Moments after Brazilian defender David Luiz scored what turned out to be the winning goal versus Colombia in the World Cup quarterfinals, my friend looked up his bio on Wikipedia. He knew that Luiz, like several of his teammates, was a Christian who often speaks about his faith
And sure enough, Luiz’s Wikipedia photo showed him wearing a t-shirt reading “Deus é fiel: or, “God is faithful.”
Well, apparently the sight of David Luiz on his knees praying was too much for one Wikipedia user, who had edited the Brazilian’s page to add the following comment: “He is another one of those people with limited intelligence who do not know that 'god' does not exist.”
Well, I’m happy to say the disparaging remark was quickly removed. And I’m sure Luiz has learned to ignore such attacks on his faith—much like former Denver Broncos quarterback Tim Tebow.
Now, for all us Americans who normally don’t follow soccer, it may come as a surprise to learn that Luiz isn’t the only committed Christian shining brightly on the biggest stage in the world. Perhaps the most extraordinary story of faith has its origins not in Sao Paolo but in North Brunswick, New Jersey.
That’s the hometown of the American team's goalkeeper Tim Howard. On July 1, 22 million Americans watched Howard put on a goalkeeping clinic in the USA’s 2-1 loss to Belgium.
Howard set a World Cup record with sixteen saves and cemented his place among the world’s top goalkeepers.
It’s a status that no one would have predicted when he was in the sixth grade. That’s when Howard was diagnosed with Tourette syndrome, a neuropsychiatric disorder characterized by physical and vocal tics.
As you can imagine, the condition is isolating due to the stigma and the low self-esteem that goes with it.
All of which make Howard’s success even more remarkable. If there’s one thing a world-class goalkeeper has to have, it’s confidence.
And where does Howard get his confidence? His Christian faith. In a piece for Athletes in Action, Howard wrote that he didn't experience much peace while growing up.
The one exception was in the presence of his grandmother, whose peace and strength came from “her faith in the Lord.” He recorded that “through her, God revealed His love for me as well. It wasn't long before I was following in her footsteps. I wanted the same kind of faith and peace she had, and that is exactly what God gave me.”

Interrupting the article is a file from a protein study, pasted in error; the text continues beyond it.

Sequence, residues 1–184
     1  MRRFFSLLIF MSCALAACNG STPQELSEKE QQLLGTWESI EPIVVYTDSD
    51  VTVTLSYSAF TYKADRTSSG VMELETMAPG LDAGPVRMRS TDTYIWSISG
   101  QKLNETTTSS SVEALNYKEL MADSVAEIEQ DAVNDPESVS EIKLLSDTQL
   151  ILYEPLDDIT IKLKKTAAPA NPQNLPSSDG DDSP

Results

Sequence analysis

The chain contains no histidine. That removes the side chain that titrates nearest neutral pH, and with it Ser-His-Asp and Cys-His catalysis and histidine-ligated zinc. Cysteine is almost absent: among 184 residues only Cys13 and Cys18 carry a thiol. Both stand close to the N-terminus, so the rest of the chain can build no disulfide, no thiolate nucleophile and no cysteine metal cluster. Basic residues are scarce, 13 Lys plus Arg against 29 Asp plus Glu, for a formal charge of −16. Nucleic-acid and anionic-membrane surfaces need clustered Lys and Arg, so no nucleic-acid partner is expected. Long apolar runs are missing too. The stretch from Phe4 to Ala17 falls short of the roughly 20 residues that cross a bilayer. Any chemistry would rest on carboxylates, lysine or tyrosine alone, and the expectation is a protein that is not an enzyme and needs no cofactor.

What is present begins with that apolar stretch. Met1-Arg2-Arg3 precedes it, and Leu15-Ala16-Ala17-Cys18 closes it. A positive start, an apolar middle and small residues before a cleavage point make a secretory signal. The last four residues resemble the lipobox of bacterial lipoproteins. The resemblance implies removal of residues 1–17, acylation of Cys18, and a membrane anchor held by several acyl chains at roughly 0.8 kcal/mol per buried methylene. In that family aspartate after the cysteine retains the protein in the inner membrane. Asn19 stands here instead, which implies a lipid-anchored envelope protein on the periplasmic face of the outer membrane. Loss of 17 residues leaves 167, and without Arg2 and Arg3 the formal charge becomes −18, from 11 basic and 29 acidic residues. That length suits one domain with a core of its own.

While he acknowledges that life with Tourette’s “is not easy,” God also blessed him with athleticism and that, in turn, has provided him with a platform to help others with Tourette’s.
His use of that platform isn’t limited to helping Tourette sufferers. He has reached the pinnacle of his profession by playing in England’s Premier League. In fact, a year after joining legendary Manchester United, Howard was named “Goalkeeper of the Year."
And this is in a country where relatively few people attend church. What the locals call “football” is a religion there, and players are, whether they want to admit it or not, role models. And Howard, a Christian at the top of his game, has used the opportunity to witness to his faith.
Once the World Cup is over, most of us Americans will go back to ignoring what many countries call “the beautiful game.”
But the rest of the world will still be watching, which is why I’m thankful for the faithful witness of men like David Luiz and Tim Howard.
BreakPoint is a Christian worldview ministry that seeks to build and resource a movement of Christians committed to living and defending Christian worldview in all areas of life. Begun by Chuck Colson in 1991 as a daily radio broadcast, BreakPoint provides a Christian perspective on today’s news and trends via radio, interactive media, and print. Today BreakPoint commentaries, co-hosted by Eric Metaxas and John Stonestreet, air daily on more than 1,200 outlets with an estimated weekly listening audience of eight million people. Feel free to contact us at BreakPoint.org where you can read and search answers to common questions.
Eric Metaxas is a co-host of BreakPoint Radio and a best-selling author whose biographies, children's books, and popular apologetics have been translated into more than a dozen languages.
Publication date: July 9, 2014